The rising influence of Congressman Paul Ryan and his libertarian ideology reflects a key aspect of American exceptionalism. In no other developed country does libertarianism have as much influence as in the United States, where the right wing has a particularly deep-seated suspicion of government taxation, regulation and public assistance. Ryan has recently faced accusations of hypocrisy for his defense of rugged individualism and hostility to government. Ryan grew up in a privileged family and benefited from Social Security payments when his father died. He has harshly criticized Obama’s economic stimulus despite requesting stimulus funds for his own Congressional district. Ryan’s critics have also underlined the government’s roles, such as building infrastructure or enforcing business contracts, that make private activity possible. However, the individualist ideology promoted by the prospective vice president and his fellow libertarians deserves closer attention.
According to Ryan, Americans have fallen prey to a “domineering government” that “drains individual initiative and personal responsibility.”
“Obamacare” exemplifies this decadence because a state-run health care system is a “deliberate power grab in which government seizes ever more of the economy – and controls more of Americans’ lives.” Notwithstanding the fact that under so-called “Obamacare,” insurance is still mostly provided by private insurance companies Ryan’s view reflects a misconceived sense of individualism. Universal health care does not negate individualism – it helps enable it.
In The Fountainhead, novelist Ayn Rand – Ryan’s inspiration – extolled unbridled individualism by depicting an ambitious architect vying to succeed on his own. But could a real-world architect fulfill his aspirations if beset by health problems and exorbitant bills? Medical expenses are a leading cause behind the majority of US bankruptcies. Most of the bankrupted are not even poor, but middle-class. Further, approximately 45,000 Americans die every year due to inadequate health insurance. In other words, access to health care empowers people to live their lives.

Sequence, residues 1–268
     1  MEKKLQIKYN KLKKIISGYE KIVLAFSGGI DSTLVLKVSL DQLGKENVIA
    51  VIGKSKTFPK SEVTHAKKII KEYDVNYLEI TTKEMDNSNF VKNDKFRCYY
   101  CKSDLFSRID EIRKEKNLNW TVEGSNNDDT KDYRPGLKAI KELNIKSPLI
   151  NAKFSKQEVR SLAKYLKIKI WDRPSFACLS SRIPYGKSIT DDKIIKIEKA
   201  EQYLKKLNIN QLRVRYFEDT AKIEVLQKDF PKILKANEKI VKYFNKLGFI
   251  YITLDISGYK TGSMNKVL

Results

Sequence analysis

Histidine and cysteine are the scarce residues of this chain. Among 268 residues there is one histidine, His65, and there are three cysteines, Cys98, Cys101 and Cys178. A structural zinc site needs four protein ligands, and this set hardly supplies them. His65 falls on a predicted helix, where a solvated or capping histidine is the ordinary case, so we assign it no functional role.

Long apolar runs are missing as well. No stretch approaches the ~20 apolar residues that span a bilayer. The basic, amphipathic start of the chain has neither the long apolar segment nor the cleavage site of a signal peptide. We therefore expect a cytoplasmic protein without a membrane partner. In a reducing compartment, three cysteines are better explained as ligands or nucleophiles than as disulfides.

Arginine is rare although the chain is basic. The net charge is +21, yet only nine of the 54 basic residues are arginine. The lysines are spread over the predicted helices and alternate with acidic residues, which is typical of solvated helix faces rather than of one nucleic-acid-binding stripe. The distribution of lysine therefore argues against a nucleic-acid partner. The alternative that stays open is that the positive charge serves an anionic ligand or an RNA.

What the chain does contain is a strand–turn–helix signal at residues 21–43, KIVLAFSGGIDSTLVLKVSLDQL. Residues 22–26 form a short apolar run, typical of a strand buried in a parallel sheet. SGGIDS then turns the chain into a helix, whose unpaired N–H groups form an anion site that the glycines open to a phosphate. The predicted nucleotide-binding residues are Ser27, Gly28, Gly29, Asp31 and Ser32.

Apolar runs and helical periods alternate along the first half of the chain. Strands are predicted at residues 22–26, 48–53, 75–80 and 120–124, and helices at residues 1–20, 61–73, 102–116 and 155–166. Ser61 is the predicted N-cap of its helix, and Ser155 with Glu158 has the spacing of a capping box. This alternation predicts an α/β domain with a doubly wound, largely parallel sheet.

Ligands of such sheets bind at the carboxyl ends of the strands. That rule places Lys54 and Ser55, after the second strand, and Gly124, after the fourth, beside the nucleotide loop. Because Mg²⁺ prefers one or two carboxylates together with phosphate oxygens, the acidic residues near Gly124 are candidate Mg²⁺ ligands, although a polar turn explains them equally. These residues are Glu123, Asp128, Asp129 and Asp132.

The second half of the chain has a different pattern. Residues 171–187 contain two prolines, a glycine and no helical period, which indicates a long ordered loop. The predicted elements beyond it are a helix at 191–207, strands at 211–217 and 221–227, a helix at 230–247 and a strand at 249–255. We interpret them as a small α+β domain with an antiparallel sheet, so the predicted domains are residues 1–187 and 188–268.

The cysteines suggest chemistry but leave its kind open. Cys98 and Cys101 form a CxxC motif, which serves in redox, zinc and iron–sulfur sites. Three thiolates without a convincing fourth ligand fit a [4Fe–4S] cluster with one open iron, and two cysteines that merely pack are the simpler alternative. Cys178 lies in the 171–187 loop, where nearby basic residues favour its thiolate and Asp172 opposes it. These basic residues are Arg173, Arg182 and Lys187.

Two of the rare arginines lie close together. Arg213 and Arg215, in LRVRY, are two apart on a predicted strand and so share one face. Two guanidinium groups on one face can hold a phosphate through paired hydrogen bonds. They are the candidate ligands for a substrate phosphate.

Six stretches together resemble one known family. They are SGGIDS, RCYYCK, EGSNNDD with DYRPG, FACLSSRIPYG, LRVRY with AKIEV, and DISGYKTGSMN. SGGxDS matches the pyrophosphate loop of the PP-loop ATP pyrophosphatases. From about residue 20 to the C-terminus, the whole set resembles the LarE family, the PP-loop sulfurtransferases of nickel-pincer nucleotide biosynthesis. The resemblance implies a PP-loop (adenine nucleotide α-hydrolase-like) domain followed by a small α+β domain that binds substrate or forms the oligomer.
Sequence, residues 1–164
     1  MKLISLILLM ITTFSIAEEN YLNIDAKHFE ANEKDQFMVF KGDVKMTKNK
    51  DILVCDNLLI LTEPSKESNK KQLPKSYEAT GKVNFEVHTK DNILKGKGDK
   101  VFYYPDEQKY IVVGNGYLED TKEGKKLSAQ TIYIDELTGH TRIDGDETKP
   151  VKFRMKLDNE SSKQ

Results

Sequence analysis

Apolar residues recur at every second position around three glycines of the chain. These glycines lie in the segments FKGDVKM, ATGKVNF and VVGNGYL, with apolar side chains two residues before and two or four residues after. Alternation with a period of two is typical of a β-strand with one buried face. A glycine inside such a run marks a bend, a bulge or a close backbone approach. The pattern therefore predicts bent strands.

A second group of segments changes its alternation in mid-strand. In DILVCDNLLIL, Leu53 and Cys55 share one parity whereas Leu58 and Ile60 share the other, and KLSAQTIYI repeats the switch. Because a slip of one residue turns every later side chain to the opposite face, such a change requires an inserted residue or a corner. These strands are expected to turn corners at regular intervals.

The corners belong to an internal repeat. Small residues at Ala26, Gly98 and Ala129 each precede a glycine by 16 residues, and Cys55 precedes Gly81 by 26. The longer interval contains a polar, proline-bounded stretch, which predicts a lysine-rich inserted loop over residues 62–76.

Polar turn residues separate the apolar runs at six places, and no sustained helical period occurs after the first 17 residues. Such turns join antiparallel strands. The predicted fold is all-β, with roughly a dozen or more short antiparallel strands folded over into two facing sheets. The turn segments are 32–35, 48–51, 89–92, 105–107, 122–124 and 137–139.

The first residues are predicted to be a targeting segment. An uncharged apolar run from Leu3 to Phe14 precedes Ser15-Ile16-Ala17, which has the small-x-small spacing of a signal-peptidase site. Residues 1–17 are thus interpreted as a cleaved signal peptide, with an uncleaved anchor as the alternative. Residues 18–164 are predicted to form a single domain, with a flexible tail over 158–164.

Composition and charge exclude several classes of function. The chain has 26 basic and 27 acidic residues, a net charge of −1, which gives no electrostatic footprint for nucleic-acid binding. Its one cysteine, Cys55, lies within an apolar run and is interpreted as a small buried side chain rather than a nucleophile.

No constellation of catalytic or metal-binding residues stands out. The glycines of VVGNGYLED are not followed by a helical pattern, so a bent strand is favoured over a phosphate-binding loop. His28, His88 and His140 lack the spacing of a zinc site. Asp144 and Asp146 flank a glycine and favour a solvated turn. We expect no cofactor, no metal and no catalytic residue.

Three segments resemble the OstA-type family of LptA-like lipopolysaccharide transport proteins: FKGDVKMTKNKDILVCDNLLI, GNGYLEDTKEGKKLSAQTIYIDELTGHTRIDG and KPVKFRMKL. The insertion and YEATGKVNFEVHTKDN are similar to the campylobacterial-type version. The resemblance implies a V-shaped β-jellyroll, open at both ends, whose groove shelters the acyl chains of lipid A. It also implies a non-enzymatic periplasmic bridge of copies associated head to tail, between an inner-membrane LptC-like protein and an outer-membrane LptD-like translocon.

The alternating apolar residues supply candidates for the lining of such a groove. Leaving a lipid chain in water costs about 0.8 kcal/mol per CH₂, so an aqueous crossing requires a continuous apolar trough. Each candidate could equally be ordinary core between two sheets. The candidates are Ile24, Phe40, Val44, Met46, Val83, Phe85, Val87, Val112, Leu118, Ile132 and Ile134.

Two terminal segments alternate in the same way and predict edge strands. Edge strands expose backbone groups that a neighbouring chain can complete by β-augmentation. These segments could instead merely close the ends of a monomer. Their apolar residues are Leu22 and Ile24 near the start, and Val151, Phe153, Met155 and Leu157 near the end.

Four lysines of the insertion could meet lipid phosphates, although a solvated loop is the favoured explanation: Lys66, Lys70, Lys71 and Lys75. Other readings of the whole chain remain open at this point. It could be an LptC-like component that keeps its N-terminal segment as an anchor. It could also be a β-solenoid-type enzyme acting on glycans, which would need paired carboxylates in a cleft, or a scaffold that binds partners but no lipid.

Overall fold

Paradoxically, America has by far the most expensive health care system in the developed world, as well as the one that provides the least coverage to the public. As a result, it performs poorly on various comparative indicators, such as infant mortality, life expectancy and deaths from treatable problems. Nevertheless, Ryan is manifestly convinced that America would have worse and more expensive medical treatment if it had a universal health care system like those of all other developed countries.
Other examples demonstrate that Ryan’s rugged individualism is rooted in a highly distorted picture of the economic systems existing elsewhere in the West. Ryan has claimed that America is “an upwardly mobile society,” unlike European “welfare states,” yet studies indicate that socioeconomic mobility is lower in modern-day America than Europe. Ryan also received a sharp rebuke from The Economist for claiming that America’s budgetary problems were turning it into Europe even though Europe had lower deficits and government debt levels than America. Despite casting himself as a policy wonk, Ryan seems unfamiliar with comparative policy analysis. Seymour Martin Lipset, the renowned American social scientist, remarked that, “It is impossible to understand a country without seeing how it varies from others. Those who know only one country know no country.”
Leaving aside its insularity, Ryan’s worldview also reflects a peculiar conception of democracy. The modern-day Republican Party is extraordinarily hostile to the notion that government should be responsible for people’s basic well-being. Republicans notably emphasize that people are not “entitled” to medical treatment. Most believe that universal health care would be a “slippery slope” towards the end of freedom and liberty. In sum, they identify universal health care as the antithesis of democracy. Conversely, in liberal America, as elsewhere in the Western world, people generally consider medical treatment as a human right and as a pillar of democracy. This difference partly stems from the fact that “right wing” does not mean the same thing in other Western nations. Conservatives in Europe, Canada, Australia and New Zealand commonly believe that the government has important social responsibilities in areas like health care.